If you were one of the many who didn’t get to see the STV debate between Alec and Alistair last night, you can catch it here. You can make your own mind up who won the debate, but as both sides were keen to emphasis, debates don’t change the weather.
The results of this one though I suspect will have surprised most people. I don’t know anyone I spoke to about it beforehand who seriously thought Alistair Darling would come out of it with his dignity intact.
Indeed, one of the most interesting moments last night on Twitter was when Survation released it’s own pre match figures with how the debate went down with a live ICM panel for the Guardian:
— Survation (@Survation) August 5, 2014
Even though, these ratings are completely in line with the western front like figures for the overall polling in the last couple of years in the case of STV’s own IPSOS Mori polling (underlining that zero effect on the campaign) Yes campaigners having carried the weight of expectation, will have the harder job getting up this morning.
Salmond’s achievement is to get the debate this far. A forty plus per cent dissent level over the United Kingdom’s sovereignty over Scotland is massive achievement. He has proven, against the odds, that Scotland could exist on its own after independence.
And that’s where he started last night. The mild mannered Darling wasn’t long luring him into the mud of currency union question and did his best to keep him there for as long as he possibly could.
Now, forget the debate for a minute, and look at the currency as laid out in Salmond’s own thoroughly detailed proposals for an Independent Scotland…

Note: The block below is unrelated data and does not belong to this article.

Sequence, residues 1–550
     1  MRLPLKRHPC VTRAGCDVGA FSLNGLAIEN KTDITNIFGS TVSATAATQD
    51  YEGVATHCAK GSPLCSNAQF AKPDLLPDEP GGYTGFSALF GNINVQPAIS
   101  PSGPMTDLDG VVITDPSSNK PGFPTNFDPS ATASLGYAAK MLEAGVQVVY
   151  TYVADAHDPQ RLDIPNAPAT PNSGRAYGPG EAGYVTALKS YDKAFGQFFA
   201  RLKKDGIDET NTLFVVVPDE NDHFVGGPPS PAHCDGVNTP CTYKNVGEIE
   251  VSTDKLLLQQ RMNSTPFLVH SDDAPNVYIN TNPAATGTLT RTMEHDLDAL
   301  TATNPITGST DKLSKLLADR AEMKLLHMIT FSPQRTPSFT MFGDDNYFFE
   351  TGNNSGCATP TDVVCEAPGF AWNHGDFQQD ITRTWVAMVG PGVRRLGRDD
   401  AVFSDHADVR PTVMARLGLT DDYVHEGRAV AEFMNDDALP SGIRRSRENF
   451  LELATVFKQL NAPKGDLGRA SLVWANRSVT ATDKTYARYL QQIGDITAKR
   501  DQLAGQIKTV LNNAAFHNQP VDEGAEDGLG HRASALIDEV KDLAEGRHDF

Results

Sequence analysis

This is the reason why Alex has no Schlieffen Plan (sorry, I’ve been a wee bit immersed in the WWI thing on the quiet) to cut around the back of enemy lines and knock the opposition out from behind.
For the believers in Scottish independence, the negative consequences of Independence won’t matter. For those of lighter preference, it certainly will.
The key problem, and why the First Minister is so reluctant to engage is the problem of retaining the financial sector north of the border (Edinburgh’s bankers and financiers put a full 24% of GDP into the Scottish national tank).
If you take option two, which is to do what Ireland between the 20s and the early 80s and just peg your Scots pound to the Bank of England, you effectively have no lender of last resort. Don’t get me wrong. Whatever the No camp might say, it can be done. Just not without surrendering a huge chunk of that income to England.
Option one, means that if you can negotiate a deal with England (and like EU membership, why wouldn’t you if you have the democratic mandate for it?), but then you are into the same territory that Ireland finds itself in viz a viz not simply the ECB, but discovering that the German Parliament is getting to approve you’re budgets before the Irish parliament.
Of course, that many only be a temporary measure until something more formal is put in place. Many pro Independence Scots may figure that half a loaf is better than none. The majority, ie, those who have have been holding out in Salmond thus far won’t see it that way.
So, whilst the debate may indeed have been disappointing for the YES camp, I don’t think Darling did anything other than raise a critical and pre-existing fault-line within the Scots populace to the surface.
Salmond has another crack in front of a tv audience, but it is hard to see how it gets past this one issue.
On the other hand, the YES campaign has had a resolute focus on developing an on-the-ground campaign aimed no doubt at keeping up spirits and turnout as their troops approach the enemy lines.
No one wonder no one was backing last night as a game changer. Complacency on either side is the common enemny for either side. But it is Salmond who’s carrying most of the policy handicap just as they go into the last turn of a very long race.
Mick is founding editor of Slugger. He has written papers on the impacts of the Internet on politics and the wider media and is a regular guest and speaking events across Ireland, the UK and Europe. Twitter: @MickFealty